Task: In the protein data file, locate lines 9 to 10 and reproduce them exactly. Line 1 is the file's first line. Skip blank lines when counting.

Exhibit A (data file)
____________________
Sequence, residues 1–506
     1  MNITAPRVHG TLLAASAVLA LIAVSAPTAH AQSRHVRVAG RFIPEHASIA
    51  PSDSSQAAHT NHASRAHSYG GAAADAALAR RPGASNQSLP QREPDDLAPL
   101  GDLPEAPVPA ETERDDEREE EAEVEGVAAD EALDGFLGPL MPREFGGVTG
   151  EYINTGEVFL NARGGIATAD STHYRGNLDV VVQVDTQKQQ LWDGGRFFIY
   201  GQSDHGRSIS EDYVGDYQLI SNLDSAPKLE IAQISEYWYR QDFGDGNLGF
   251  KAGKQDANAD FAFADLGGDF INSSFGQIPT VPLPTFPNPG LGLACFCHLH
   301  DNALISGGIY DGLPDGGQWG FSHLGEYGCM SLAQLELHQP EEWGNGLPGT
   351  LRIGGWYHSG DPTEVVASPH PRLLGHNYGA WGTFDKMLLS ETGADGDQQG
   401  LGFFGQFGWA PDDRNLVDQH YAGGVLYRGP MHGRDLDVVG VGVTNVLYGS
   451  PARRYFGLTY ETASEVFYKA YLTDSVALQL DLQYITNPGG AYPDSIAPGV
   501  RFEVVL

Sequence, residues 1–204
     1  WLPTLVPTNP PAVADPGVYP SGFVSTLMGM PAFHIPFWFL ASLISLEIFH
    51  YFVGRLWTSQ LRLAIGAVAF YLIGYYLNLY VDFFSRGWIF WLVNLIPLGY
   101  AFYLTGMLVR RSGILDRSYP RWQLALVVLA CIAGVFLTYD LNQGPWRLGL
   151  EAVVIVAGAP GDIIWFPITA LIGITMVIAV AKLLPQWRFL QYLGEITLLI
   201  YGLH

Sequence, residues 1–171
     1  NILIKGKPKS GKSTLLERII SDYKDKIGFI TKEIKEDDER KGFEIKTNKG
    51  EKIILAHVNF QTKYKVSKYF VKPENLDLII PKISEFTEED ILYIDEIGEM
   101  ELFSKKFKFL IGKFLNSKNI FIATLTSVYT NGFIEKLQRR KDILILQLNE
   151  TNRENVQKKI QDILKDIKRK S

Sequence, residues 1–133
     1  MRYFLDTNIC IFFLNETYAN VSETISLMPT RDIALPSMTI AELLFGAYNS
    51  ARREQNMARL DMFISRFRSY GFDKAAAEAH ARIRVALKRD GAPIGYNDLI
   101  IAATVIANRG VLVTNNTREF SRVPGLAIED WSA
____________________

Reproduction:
   351  LRIGGWYHSG DPTEVVASPH PRLLGHNYGA WGTFDKMLLS ETGADGDQQG
   401  LGFFGQFGWA PDDRNLVDQH YAGGVLYRGP MHGRDLDVVG VGVTNVLYGS